One of those weeks

Sometimes being an orchestra musician can feel like being a priest who has lost his faith in God. For me, this was one of those weeks.

It looked OK on paper – a subscription set with a young and promising guest conductor (assumed to be on our short list until Edo was appointed Music Director) and a piece that I’ve always enjoyed (Shostakovich 5). There was also a Mendelssohn piano concerto (which I thought would likely be tolerable) and Les Preludes.

But it never came together for me, or for most of my colleagues either, from what I could tell. It’s late in the year, of course. Most orchestras have finished their subscription seasons by now, which is why the League of American Orchestras convention is happening this week. We have yet another subscription concert to go. And it’s been a rather exhausting year emotionally for the orchestra, due in part to hiring a new music director. While most everyone is very pleased with Edo’s appointment, there’s a lot of tension around the subject of a new boss, especially one that’s not well-known to the orchestra.

In addition, we’ve had a lot of weather in the upper Midwest, and while we’ve been spared the kinds of scenes that are on the national news, we do have some colleagues who have had to deal with flooding. We have a lovely river that flows through Milwaukee and the northern suburbs, and we have a few members who live right on the river. This week they found themselves living in the river.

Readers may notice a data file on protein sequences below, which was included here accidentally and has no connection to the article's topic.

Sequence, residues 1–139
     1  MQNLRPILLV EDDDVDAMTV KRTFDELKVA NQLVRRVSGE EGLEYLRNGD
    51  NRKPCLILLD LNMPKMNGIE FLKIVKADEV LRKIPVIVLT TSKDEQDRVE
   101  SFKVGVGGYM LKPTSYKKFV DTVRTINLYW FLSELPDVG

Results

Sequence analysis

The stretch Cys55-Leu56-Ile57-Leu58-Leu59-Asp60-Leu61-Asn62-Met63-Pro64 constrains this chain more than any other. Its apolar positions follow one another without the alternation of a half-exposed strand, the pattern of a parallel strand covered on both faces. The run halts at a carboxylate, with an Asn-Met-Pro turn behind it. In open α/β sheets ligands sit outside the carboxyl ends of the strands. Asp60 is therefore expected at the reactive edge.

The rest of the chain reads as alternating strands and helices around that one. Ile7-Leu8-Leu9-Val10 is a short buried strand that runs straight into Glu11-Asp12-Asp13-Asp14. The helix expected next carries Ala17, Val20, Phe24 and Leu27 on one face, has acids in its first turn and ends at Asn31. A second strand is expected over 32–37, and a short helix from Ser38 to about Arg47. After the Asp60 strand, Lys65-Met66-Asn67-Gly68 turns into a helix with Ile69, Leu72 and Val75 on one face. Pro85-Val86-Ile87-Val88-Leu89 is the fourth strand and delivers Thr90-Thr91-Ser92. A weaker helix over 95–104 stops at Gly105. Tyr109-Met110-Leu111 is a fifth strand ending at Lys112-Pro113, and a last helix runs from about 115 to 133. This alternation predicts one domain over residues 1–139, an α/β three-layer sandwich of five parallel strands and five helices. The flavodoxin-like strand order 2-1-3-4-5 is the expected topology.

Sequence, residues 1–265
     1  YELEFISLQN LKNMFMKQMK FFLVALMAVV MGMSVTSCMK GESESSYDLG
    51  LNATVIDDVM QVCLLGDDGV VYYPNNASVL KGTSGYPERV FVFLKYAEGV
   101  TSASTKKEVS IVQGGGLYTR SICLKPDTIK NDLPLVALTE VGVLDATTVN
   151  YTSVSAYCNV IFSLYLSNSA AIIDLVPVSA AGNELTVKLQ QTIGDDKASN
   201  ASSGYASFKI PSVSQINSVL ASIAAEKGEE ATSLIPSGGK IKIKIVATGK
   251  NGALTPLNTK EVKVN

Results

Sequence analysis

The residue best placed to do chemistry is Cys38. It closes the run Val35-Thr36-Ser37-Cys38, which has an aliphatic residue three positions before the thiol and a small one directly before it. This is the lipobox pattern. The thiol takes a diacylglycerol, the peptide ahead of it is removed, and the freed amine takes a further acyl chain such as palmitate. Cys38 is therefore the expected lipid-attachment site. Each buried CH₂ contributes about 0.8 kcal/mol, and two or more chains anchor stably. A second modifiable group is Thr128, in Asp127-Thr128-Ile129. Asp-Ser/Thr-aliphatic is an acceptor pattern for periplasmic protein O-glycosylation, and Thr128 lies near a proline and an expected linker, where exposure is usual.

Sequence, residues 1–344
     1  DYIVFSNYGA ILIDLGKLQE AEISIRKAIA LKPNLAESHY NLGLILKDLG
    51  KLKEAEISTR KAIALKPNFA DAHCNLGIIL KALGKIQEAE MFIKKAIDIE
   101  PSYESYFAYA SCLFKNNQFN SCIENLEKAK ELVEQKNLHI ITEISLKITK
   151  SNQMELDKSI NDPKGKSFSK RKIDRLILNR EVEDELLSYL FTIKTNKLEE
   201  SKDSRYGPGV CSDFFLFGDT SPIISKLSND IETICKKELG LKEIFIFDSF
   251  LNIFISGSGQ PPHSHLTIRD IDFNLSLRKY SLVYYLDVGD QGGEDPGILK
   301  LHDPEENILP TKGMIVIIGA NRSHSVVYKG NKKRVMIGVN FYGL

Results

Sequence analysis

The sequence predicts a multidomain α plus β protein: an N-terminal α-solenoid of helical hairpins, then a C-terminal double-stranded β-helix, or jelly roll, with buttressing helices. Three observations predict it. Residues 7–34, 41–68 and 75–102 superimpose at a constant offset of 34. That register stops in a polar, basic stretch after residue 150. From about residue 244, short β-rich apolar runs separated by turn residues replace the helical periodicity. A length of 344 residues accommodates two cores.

So, for whatever reason, the orchestra didn’t seem to be in the mood for this week. I know I wasn’t. But it’s still distressing to be working on a piece that’s always worked for me in the past but that is leaving me numb this time. And the orchestra was clearly distracted this week – lots of noise during rehearsals, which is really uncharacteristic of this band, and stuff that we can play in our sleep not coming together.

Fortunately the Mendelssohn concerto turned out to save the concert. The pianist, Arnaldo Cohen, has been here before; he rescued a performance of the first Brahms concerto a couple of years ago when our scheduled soloist bowed out at the very last minute. He’s a wonderful musician, and comes across as a completely class act. And he really nailed this piece. Last night the audience wouldn’t let him go (which is a highly unusual reaction to a performance of a Mendelssohn piano concert) and he played a Brazilian-sounding encore, which brought down the house.

And then the Lizst went well, and the Shostakovich went better (at least last night) than it showed signs of going earlier in the week. I found myself wishing for less interpretation by conductor and individual musicians than was there. There’s an old saying in aeronautical engineering to the effect that the most useful thing a designer can add to an airplane is more lightness. Most often the most useful thing a performance can add to a performance is more semplice. But there’s a lot of temptation to be overcome to be able to do that.

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